The practice of paying overseas agents for the students they recruit has become more contentious as it has grown more common among American colleges. Proponents say it can help attract students in an increasingly competitive global student market, and they note that other countries, like Australia and Britain, rely on foreign representatives to bring in students.

But a primary membership group for admissions officials, the National Association for College Admission Counseling, or NACAC, has released a proposed policy statement that would expressly forbid colleges from using commission-based agents to recruit domestically or internationally. (Institutions cannot pay commissions for domestic students if they receive federal financial-aid funds.)

… Mr. Hawkins questioned paying commissions to student recruiters, saying the practice, when used by for-profit institutions in the United States, had proved “disastrous” in the past. “It creates an incentive to marginalize students’ interests,” he said.

So, are they being unduly squeamish? Or is it more about adopting a principled approach to international student recruitment? Many UK universities have routinely used agents for international recruitment for many years but the key here is about how you do it and making sure you use the right ones. As Mitch Leventhal of SUNY points out in an essay about engaging properly with agents, it’s essential to maintain high standards.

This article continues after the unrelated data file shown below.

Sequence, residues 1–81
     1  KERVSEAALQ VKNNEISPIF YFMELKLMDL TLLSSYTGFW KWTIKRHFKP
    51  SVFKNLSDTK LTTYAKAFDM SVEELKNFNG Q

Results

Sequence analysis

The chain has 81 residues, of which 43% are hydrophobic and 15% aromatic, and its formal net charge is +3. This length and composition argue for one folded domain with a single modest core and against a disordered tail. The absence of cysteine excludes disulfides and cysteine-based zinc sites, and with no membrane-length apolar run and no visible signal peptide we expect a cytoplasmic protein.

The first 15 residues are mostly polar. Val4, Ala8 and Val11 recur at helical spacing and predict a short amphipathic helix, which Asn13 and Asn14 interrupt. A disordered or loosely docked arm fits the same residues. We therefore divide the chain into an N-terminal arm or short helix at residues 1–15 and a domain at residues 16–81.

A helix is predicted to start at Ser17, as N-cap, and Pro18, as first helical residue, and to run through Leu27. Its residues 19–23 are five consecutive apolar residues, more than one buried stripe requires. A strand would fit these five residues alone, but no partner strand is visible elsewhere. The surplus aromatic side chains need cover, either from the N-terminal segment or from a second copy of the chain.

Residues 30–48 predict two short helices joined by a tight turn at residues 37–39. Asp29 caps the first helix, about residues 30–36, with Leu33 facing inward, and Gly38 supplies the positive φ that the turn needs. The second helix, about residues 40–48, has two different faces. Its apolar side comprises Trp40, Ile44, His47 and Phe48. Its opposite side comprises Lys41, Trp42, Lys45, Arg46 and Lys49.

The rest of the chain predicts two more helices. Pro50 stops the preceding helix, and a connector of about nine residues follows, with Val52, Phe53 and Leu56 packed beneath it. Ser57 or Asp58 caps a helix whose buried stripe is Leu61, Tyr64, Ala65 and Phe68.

While US universities agonise about this it is of course good news for competitor nations in international student recruitment. And in the UK we need every assistance we can get to counteract the negative effect of the messaging and the practice of Tier 4 immigration controls.

“Bogus students facing global crackdown”

Tackling “bogus” students

According to the BBC, bogus students are facing a global crackdown.

“Unscrupulous” recruitment agents who bring bogus overseas students into the UK are being targeted in an international initiative. The British Council has for the first time brought together countries including the UK, the US and Australia to try to keep out such students. The council says there are “widespread concerns” about dishonest agents. Universities say the majority of agents are legitimate and are an important way of finding overseas students. Rogue agents are accused of falsifying documents and helping people to get around the student visa system, the rules of which immigration authorities in the UK have tried to tighten.

The scale of the problem is not clear. Nor is it clear what additional steps might be taken given the recent significant changes to visa regulations which are already intended to tackle the issue. Agents are an important part of institutions’ international recruitment strategies and it is in universities’ interests to ensure that agents are legitimate and well-run. Universities have significant experience of identifying fraudulent applicants and, whilst international collaboration on this matter can only be helpful, it is not clear what more is being proposed.